By John Glaser
Nobody thinks the Afghan government puts Afghanistan on a path to independence, stability, and good governance. Well, almost nobody.
According to the latest polls, an astonishing 40 percent of Americans think the war in Afghanistan is going “very well” or “fairly well.” And while 60 percent say America “should not be involved” in Afghanistan, 31 percent think we’re doing the right thing.
Most of the political class, and nearly all of the Washington, DC wonkers, however, believe what should be obvious to well over 60 percent of Americans: the war is a failure and the Afghan government and its security forces warrant zero confidence by every observable metric. A report by the International Crisis Group earlier this month found that the Afghan government “could collapse” after the 2014 transition and the Associated Press reported last week that “a decisive end seems nowhere in sight,” while noting the enduring Taliban insurgency, the failure of a negotiated settlement, the weakness of the US-backed Kabul government, and Washington’s plans to keep tens of thousands of troops in Afghanistan well beyond the much-cited “withdrawal date” of 2014. “We are probably headed for stalemate in 2014,” says Stephen Biddle, a George Washington University professor who has advised US commanders in Afghanistan and Iraq.
So why the lingering support by sizable minorities?
In a word: propaganda. At Foreign Policy, Frances Z. Brown of the Council on Foreign Relations thinks the naive faith in the Afghan government, the Obama administration’s key to “success” in Afghanistan, is because few people have a systematic understanding of the reality on the ground due to (1) a reliance on liars in the US government and military, and (2) their distraction by anecdotal soundbites, and the inability or unwillingness to think beyond that. Brown writes:
In an era of budget constraints, military and civilian organizations in Afghanistan are pressured to demonstrate results quickly-and so they direct the unremitting stream of high-level visitors and influential thinkers to Afghanistan’s most impressive cases. As a second explanation, our sound-bite culture places a premium on personal testimonials, and so peppering public communication with colorful narratives rather than tedious data is often viewed as more authentic or engaging.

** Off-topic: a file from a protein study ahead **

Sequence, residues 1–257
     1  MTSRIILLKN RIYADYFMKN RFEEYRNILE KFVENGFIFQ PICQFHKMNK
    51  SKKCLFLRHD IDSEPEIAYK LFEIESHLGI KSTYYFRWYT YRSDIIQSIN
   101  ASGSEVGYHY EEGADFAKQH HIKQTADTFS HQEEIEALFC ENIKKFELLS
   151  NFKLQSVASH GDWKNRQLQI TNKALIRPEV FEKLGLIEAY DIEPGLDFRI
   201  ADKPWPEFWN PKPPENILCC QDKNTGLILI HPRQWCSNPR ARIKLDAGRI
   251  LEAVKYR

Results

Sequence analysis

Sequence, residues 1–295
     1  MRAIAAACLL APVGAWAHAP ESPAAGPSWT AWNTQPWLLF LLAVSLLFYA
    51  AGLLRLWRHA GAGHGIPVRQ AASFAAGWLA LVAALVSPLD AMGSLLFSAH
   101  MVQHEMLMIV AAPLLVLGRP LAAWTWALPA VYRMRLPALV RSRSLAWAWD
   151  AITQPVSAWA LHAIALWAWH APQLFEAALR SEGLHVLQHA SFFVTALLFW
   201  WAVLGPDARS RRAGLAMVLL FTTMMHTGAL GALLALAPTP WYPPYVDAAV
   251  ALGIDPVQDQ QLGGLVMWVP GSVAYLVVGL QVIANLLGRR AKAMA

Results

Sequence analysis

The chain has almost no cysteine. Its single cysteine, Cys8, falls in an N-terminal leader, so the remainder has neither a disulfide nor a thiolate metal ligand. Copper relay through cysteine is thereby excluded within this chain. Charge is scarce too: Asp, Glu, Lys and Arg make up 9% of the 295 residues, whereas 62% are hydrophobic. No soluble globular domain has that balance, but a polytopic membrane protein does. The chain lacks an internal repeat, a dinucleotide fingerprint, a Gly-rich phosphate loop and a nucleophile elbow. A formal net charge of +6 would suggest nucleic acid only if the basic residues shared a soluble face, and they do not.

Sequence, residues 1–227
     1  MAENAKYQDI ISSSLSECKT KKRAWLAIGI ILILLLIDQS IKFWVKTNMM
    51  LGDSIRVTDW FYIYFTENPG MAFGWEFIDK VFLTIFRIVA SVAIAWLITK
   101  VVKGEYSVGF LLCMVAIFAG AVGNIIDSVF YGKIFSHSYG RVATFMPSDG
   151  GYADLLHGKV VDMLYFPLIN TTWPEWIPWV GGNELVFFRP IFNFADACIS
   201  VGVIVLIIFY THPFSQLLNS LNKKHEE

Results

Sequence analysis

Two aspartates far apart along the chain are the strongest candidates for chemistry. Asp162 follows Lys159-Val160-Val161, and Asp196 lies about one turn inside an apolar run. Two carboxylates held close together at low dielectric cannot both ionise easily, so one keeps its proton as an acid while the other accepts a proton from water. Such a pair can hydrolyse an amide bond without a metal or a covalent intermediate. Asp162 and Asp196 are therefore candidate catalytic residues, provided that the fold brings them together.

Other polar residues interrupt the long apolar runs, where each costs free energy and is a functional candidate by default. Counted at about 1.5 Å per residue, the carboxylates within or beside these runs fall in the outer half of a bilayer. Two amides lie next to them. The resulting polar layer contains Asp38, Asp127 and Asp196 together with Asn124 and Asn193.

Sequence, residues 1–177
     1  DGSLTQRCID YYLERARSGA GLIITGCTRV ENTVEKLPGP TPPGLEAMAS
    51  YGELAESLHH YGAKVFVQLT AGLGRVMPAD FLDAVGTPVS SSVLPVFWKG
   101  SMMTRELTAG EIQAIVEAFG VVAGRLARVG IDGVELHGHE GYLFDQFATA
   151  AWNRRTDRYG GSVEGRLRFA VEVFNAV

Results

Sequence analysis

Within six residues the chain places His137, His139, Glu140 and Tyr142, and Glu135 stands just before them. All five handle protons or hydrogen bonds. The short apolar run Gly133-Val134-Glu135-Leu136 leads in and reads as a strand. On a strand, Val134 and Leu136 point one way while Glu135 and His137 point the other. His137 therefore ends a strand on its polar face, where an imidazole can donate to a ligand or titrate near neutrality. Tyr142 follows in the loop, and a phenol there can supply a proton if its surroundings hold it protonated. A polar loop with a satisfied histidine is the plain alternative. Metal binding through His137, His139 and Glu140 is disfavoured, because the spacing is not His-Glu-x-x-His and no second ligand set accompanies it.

This reminds me of Michael Hastings blockbuster reporting in Rolling Stone last year, when he revealed that “the US Army illegally ordered a team of soldiers specializing in ‘psychological operations’ to manipulate visiting American senators into providing more troops and funding for the war.”
Lieutenant Colonel Daniel L. Davis, who bravely came out publicly last year to denounce the US military leadership as a bunch of propagandists, said that “Our current military leadership is so distorting the information it releases that the deterioration of the situation and the failing nature of our efforts is shielded from the American public (and Congress), and replaced instead with explicit statements that all is going according to plan.” He said his deployments to Afghanistan revealed to him a reality that “bore no resemblance to rosy official statements by U.S. military leaders about conditions on the ground.”
And as for the second part of Brown’s explanation, I turn it over to Noam Chomsky:
The propaganda effort on Afghanistan has been going on for more than a decade now, and the fact that 53 percent of Americans think its going “not too well” or “not at all well” means perhaps the batteries are running out. But it still manages to keep sizable minorities from opposing it and to keep virtually the entire American public passive, docile, and disinterested.